Targeting the Windows Subsystem for Linux from Visual Studio
The Windows Subsystem for Linux (WSL) was first introduced at Build in 2016 and was delivered as an early beta in Windows 10 Anniversary Update. Since then, the WSL team has been hard at work, dramatically improving WSL’s abilty to run an ever increasing number of native Linux command-line binaries and tools, including most mainstream developer tools, platforms and languages, and many daemons/services* including MySQL, Apache, and SSH.
With the Linux development with C++ workload in Visual Studio 2017 you can use the full power of Visual Studio for your C/C++ Linux development. Because WSL is just another Linux system, you can target it from Visual Studio by following our guide on using the Linux workload. This gives you a lot of flexibility to keep your entire development cycle locally on your development machine without needing the complexity of a separate VM or machine. It is, however, worth covering how to configure SSH on Bash/WSL in a bit more detail.
If you’ve not already done so, you’ll first need to enable developer mode and install WSL itself. This only takes a few seconds, but does require a reboot. You need to be on a current Insider build or wait for the release of Creators Update to use WSL with the Linux workload in VS.
When you run Bash for the first time, you’ll need to follow the on-screen instructions to accept Canonical’s license, download the Ubuntu image, and install it on your machine. You’ll then need to choose a UNIX username and password. This needn’t be the same as your Windows login username and password if you prefer. You’ll only need to enter the UNIX username and password in the future when you use sudo to elevate a command, or to login “remotely” (see below).
Now you’ll have a vanilla Ubuntu instance on your machine within which you can run any ELF-64 Linux binary, including those that you download using apt-get!
Before we continue, let’s install the build-essential package so you have some key developer tools including the GNU C++ compiler, linker, etc.:
$ sudo apt install -y build-essential
We’ll also need to install gdbserver, a program that allows you to debug with a remote GDB debugger.
$ sudo apt install -y gdbserver
Install & configure SSH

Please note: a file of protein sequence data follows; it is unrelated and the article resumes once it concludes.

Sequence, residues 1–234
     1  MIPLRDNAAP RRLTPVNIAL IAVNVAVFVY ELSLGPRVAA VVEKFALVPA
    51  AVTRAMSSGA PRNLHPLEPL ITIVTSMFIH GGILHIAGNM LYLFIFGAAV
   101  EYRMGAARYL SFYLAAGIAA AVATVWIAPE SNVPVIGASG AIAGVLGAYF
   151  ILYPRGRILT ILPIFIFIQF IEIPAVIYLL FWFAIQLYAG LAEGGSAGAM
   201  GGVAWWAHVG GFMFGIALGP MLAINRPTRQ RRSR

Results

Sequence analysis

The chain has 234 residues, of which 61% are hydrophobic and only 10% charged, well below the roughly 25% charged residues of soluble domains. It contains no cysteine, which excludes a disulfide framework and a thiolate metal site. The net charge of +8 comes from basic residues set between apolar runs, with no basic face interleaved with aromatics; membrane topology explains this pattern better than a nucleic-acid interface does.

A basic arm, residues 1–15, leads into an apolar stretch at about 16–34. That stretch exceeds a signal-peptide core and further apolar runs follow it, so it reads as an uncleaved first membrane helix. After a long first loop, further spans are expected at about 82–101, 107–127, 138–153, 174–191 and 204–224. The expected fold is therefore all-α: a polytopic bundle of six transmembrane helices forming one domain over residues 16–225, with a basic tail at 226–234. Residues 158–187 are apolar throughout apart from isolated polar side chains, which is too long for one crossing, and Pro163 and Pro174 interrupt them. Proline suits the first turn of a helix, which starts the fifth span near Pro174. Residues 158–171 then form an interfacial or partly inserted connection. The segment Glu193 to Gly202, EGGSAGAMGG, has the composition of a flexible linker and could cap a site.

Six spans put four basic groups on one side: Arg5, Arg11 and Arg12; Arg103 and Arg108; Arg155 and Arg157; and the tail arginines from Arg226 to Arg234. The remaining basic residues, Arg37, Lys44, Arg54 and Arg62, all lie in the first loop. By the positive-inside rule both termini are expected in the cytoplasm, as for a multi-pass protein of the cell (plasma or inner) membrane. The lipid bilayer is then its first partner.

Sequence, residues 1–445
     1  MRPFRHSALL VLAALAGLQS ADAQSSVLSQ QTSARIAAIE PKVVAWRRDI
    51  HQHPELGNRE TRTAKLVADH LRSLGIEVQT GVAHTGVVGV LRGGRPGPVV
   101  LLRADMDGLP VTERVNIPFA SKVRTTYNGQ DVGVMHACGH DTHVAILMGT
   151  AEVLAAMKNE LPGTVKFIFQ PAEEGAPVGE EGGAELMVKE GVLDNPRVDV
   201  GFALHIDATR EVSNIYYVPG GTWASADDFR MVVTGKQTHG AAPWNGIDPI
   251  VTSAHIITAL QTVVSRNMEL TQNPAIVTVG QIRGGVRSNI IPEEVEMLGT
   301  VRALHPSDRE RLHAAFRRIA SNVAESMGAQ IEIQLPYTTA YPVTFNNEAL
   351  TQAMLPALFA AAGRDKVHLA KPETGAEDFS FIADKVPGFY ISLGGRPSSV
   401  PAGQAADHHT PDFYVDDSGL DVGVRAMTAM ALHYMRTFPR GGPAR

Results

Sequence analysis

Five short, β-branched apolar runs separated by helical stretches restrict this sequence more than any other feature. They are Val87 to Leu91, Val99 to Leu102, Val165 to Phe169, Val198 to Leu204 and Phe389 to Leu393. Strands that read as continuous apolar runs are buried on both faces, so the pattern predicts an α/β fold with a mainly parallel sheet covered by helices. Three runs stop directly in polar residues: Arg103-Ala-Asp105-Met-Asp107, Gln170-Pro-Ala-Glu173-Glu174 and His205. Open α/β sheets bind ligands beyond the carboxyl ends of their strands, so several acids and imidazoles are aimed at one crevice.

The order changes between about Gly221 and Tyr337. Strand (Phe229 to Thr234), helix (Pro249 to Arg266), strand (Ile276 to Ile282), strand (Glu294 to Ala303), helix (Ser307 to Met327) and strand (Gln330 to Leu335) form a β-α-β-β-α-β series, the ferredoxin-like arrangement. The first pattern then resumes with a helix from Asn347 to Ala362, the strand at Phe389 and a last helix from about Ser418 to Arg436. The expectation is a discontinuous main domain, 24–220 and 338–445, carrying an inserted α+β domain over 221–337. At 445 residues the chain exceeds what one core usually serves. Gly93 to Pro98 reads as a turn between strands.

Let’s use the ‘apt’ package manager to download and install SSH on Bash/WSL:
$ sudo apt install -y openssh-server
Before we start SSH, you will need to configure SSH, but you only need to do this once. Run the following commands to edit the sshd config file:
$ sudo nano /etc/ssh/sshd_config
Scroll down the “PasswordAuthentication” setting and make sure it’s set to “yes”:
Hit CTRL + X to exit, then Y to save.
Now generate SSH keys for the SSH instance:
$ sudo ssh-keygen -A
Start SSH before connecting from Visual Studio:
$ sudo service ssh start
*Note: You will need to do this every time you start your first Bash console. As a precaution, WSL currently tears-down all Linux processes when you close your last Bash console!.
Install & configure Visual Studio
For the best experience, we recommend installing Visual Studio 2017 RC (or later) to use Visual C++ for Linux. Be sure to select the Visual C++ for Linux workload during the installation process.
Now you can connect to the Windows Subsystem for Linux from Visual Studio by going to Tools > Options > Cross Platform > Connection Manager. Click add and enter “localhost” for the hostname and your WSL user/password.
Now you can use this connection with any of your existing C++ Linux projects or create a new Linux project under File > New Project > Visual C++ > Cross Platform > Linux.
In the future, we’ll publish a more detailed post showing the advantages of working with WSL, particularly leveraging the compatibility of binaries built using the Linux workload to deploy on remote Linux systems.
For now, now that, starting with Windows 10 Creators Update, Bash on the Windows Subsystem for Linux (Bash/WSL) is a real Linux system from the perspective of Visual Studio.